New details on proposed hotel, restaurant development in eastern Lawrence

A site plan for a proposed hotel and restaurant development near 23rd and O'Connell. Courtesy: City of Lawrence and Bartlett & West engineers.

After a week of vacation, I’ve got hotels on my mind and my credit card. (I learned that in southern California you’ll spend $70 to park your rental car at the hotel. But, on the bright side, it didn’t cost me anything other than blood pressure medicine to park for hours at a time on the freeway system.) All this is to say I’ve got a few more details on Lawrence’s latest hotel project.

We reported in August that a deal was in the works for a new hotel to be built in eastern Lawrence where Don’s Steakhouse used to be near 23rd and O’Connell. But back then details were slim on what hotel was coming to the location. Well, I’ve now learned that a Country Inn & Suites is slated to go on the property.

Area businessman Mark Gwaltney, who is leading the development group, confirmed that the hotel chain has approved moving ahead with the project. Country Inn & Suites is kind of a late entrant to the project. Back in August, Gwaltney had told city officials that he was working with the large IHG hotel group on an extended-stay hotel, which led to speculation that IHG was bringing its Candlewood Suites brand to town.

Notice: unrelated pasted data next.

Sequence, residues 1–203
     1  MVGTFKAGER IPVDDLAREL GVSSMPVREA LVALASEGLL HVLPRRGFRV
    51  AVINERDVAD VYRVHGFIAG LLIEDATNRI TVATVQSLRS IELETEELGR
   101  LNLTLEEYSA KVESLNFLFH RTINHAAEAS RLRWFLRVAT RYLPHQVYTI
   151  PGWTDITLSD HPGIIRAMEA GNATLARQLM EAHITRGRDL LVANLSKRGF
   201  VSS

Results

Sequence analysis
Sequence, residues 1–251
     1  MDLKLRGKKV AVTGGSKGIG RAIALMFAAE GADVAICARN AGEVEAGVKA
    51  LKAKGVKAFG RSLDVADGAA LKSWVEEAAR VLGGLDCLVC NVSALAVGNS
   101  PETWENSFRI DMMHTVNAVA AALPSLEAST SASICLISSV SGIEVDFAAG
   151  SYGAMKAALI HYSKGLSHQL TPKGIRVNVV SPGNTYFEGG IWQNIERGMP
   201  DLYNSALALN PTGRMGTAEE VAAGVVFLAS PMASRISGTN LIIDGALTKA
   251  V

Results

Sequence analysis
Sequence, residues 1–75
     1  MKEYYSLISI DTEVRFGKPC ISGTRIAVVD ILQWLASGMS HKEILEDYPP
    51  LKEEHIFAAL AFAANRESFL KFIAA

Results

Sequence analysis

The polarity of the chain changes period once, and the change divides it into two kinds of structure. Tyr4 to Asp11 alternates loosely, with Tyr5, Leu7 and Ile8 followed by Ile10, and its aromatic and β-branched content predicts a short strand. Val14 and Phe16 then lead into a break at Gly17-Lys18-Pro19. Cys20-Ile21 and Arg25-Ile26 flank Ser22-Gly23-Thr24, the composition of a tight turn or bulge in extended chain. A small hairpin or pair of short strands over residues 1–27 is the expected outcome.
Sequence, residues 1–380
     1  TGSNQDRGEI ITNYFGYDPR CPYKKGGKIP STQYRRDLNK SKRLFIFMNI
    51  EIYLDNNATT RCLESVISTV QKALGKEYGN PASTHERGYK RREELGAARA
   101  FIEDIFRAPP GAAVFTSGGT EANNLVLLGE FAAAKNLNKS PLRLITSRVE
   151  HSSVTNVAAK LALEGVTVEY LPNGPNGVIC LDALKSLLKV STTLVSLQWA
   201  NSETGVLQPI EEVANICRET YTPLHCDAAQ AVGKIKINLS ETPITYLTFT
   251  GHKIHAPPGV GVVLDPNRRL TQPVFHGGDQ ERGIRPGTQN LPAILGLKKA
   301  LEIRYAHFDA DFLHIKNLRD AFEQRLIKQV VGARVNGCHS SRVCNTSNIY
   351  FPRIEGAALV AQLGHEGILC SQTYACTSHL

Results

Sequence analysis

But my understanding now is that IHG has a different Lawrence location in mind for that project. If you remember, we’ve also reported that the former Ramada Inn site near Sixth and Iowa streets is looking for a new hotel brand. A Candlewood could be a real possibility for that site.

As for Country Inn & Suites, it is part of the hotel group that has the various Radisson brand of hotels. The company describes Country Inn & Suites as an “upper midscale” hotel. Plans filed at City Hall call for a three-story building and 89 hotel rooms, plus a separate structure for an indoor pool. According to the hotel chain’s website, other amenities include a fitness center, free high-speed internet, free cookies and, importantly, complimentary hot breakfasts. (No, breakfast was not complimentary at my Disneyland hotel, and Donald Duck did not take it as a compliment when I asked if he came with orange sauce.)

The site plan application filed at City Hall lists the project to have about a $5.5 million construction value.

Gwaltney said he hopes to break ground on the project before the end of the year, but said that may be optimistic. The project will occupy the site where Don’s Steakhouse previously was located, which is on the north side 23rd Street, just west of O’Connell. The project also will demolish the old Diamond Everley Roofing headquarters, which is just east of the Don’s Steakhouse business.

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Plans filed at City Hall show that portion of the property housing a restaurant. Gwaltney confirmed no deal has been struck for a restaurant yet. He said now that the hotel company has committed to the project, they’ll start reaching out to potential restaurant operators. He said they’ll look at both sit-down restaurants and fast food chains for the location.